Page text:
Click here to view next page of this article


Sexual Dysfunction

Approximately 43% of women complain of sexual difficulties that are long-standing, and the difficulties decreases with age. Around 33% of men complain of serious sexual difficulties and this increases with age. Sexual dysfunction includes the arousal phase disorders, orgasm phase disorders, and the desire phase disorders.

About 10% of men struggle at various points with erectile difficulties. In the younger group, say 18-30 range, it is much more focused around worries about competence and where there is much more of a psychodynamic component to it. But we are understanding much more as people get older. There is the effect of aging, disease, illness and medications and it has much more of an effect, so that people in their 60ís and 70ís the incidence of erectile difficulties may be as high as 50-60%. The definition of the erectile difficulty is the inability to attain or maintain an erection for a period of at least three months. This may be associated with other sexual difficulties such as premature ejaculation or premature ejaculation may develop as a secondary rank.

For women, the arousal phase disorders: there is an inability to maintain an adequate vaginal lubrication. Intercourse may be painful or uncomfortable. One of the distinctions though between men and women is that women may choose to keep this hidden from their partners. In other words, they will continue to either use a lubricant and if they have intercourse, intercourse may be uncomfortable. Where if they have an arousal phase disorder it is obvious, known, and nothing further happens as relates to intercourse. The physiological mechanisms for both men and women.

The medical issues one needs to consider when thinking about erectile difficulties and the arousal phase difficulties, first of all, medication and the list is really endless. But the three important ones that I want to mention are: antihypertensives, antiarrhythmics and antidepressants. They very often have significant effects on the ability to get and maintain an erection. Diabetes is a very common cause of sexual dysfunction. Around 27-30% of men.

Neurological issues: multiple sclerosis, traumatic injury, post-pelvic surgery which includes prostatectomies, and traumatic, which is what I mentioned to you as an injury to the groin.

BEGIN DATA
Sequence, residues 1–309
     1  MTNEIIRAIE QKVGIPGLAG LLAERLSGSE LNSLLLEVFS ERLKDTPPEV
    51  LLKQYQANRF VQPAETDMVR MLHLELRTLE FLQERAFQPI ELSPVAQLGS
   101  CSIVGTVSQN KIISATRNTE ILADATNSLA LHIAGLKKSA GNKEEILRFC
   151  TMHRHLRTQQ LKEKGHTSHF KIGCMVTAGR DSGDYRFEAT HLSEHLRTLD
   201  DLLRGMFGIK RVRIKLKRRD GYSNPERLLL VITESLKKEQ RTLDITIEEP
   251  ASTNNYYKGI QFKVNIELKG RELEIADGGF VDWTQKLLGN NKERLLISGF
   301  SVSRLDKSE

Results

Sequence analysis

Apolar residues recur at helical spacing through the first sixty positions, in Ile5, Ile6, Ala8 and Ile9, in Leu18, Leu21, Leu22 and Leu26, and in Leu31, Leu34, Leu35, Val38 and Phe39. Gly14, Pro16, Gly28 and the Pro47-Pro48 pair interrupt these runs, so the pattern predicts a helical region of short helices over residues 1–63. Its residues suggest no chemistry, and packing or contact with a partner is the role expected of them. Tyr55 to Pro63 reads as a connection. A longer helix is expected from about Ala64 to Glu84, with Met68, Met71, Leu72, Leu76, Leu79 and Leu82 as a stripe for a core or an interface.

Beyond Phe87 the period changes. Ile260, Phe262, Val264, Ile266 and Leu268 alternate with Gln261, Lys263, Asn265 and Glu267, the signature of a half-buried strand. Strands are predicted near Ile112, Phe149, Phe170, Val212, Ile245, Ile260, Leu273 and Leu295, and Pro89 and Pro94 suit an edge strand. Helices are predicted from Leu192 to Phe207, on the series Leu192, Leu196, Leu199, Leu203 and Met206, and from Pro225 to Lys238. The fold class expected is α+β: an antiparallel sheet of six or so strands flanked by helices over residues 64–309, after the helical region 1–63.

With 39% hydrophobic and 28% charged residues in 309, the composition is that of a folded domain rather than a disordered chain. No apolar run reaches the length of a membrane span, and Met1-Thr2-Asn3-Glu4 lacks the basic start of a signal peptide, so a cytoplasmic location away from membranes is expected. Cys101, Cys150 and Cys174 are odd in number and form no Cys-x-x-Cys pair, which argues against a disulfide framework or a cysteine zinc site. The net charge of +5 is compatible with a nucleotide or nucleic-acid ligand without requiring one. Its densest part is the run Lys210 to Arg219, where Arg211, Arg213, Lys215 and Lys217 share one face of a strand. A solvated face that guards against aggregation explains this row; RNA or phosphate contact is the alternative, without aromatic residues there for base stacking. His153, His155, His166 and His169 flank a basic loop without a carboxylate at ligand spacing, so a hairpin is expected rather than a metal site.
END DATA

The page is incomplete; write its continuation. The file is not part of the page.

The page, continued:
We now come to the orgasm disorders. First of all the organism disorders in men can be categorized as either premature ejaculation, retarded ejaculation or painful ejaculation. The premature ejaculation is something that is extremely common. There is something like 25-35% of men struggle with premature ejaculation on an ongoing basis. Now this is to be distinguished from the difficulty of maintaining control. It has to do with lack of frequency. For example, in a study of college age kids they found that the incidence of premature ejaculation on Friday night is around 90%. But by Saturday afternoon it had gone down to about 55%. What we are talking about there is really the absence of frequency. But the number of men who struggle again silently with this issue of premature ejaculation is enormous.

Now there are a variety of approaches to premature ejaculation that I think are really quite helpful. What they really involve is some trading. I think that people have tended over the years to come up with a variety of formulations to explain premature ejaculation. They would say, "This person obviously hates men and there is this suppressed and what he wants to do is just assault women and then leave the scene." People talked about castration anxiety and on an one. And I might add, these are people in the field of long term therapies and have a better understanding of their individual dynamics with absolutely no change in the premature ejaculation. So not only did they fail at therapy, they also continued to have the symptoms.

There are a variety of things you can do. One, it is that you need to pay attention to, that helps you maintain more control. It is not unlike bladder and bowel control. An infant initially doesnít have bladder control will begin to have an awareness of the sensation of a full bladder. They being to have an awareness of what muscles need to be contracted and then they have an awareness of "I now feel a full bladder, I contract the muscles". And this is a similar situation with premature ejaculation. It is always interesting, and this is where I think we need to focus, keeping in mind some of the psychodynamics because the treatment itself is relatively simple. What I find very often happens is that people donít follow directions.